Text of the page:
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Sean SalaiOctober 08, 2014
Anne Rice, author of "Christ the Lord: The Road to Cana," is pictured in an undated photo. (CNS photo/Becket M. Ghioto, courtesy of Knopf) (May 1, 2008)

Anne Rice is a New Orleans-born author of gothic fiction and Christian literature. She is best known for her novel series The Vampire Chronicles which revolve around the central character of Lestat. Two of the books were adapted for Hollywood films, Interview with the Vampire: The Vampire Chronicles in 1994 and Queen of the Damned in 2002.

In the forthcoming Prince Lestat: The Vampire Chronicles, due in bookstores on Oct. 28, Ms. Rice returns to the French New Orleans Catholic milieu of vampire fiction that made her famous. On Aug. 27, I conducted the following email interview with her about the book and her Catholic influences.

In Prince Lestat, you return to the world of New Orleans French Catholicism that formed your own background. Has this world changed at all since your last book in the Vampire Chronicles series?

I’m not entirely sure I’ve returned to the world of French Catholicism. That being said, I think every book I’ve ever written has been informed by my Catholic education in New Orleans and of course the influence of Irish, German and French Catholicism were all strong on that upbringing. My imagery, sensibility, and theological concerns are all influenced by this background. As I am constantly evolving, as I wrestle with my religious background and concerns, I know this novel reflects changes. But I am not able to analyze them in detail yet. It’s too soon. I think I am always seeking redemption; the vampires represent those of us in society who feel damned and I am always seeking a way for them and those of us who identify with them to be saved.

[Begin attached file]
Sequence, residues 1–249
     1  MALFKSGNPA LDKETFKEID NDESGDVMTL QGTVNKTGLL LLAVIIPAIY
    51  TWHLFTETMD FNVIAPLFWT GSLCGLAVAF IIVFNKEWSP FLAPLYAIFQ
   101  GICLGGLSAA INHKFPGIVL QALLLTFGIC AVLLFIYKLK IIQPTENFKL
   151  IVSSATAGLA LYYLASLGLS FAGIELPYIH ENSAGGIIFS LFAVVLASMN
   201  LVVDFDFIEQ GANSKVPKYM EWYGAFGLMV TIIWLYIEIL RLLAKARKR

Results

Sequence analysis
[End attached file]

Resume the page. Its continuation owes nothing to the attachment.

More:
Like many of your characters, Prince Lestat had a French Catholic background before he became a vampire many centuries ago. Does this background still affect him in the new book?

Yes, Lestat’s background still affects him as mine affects me. Lestat is still obsessed with redemption, of finding a way to embrace existence even though he knows he is what society condemns. He seeks to find a vision of the universe which will include him as a vital and natural part. His French upbringing is the school in which his conscience was forged. That has become one of my themes in supernatural fiction—that vampires and werewolves retain the conscience forged before their transformation, and that life is a place of day to day moral challenges in which we develop our souls.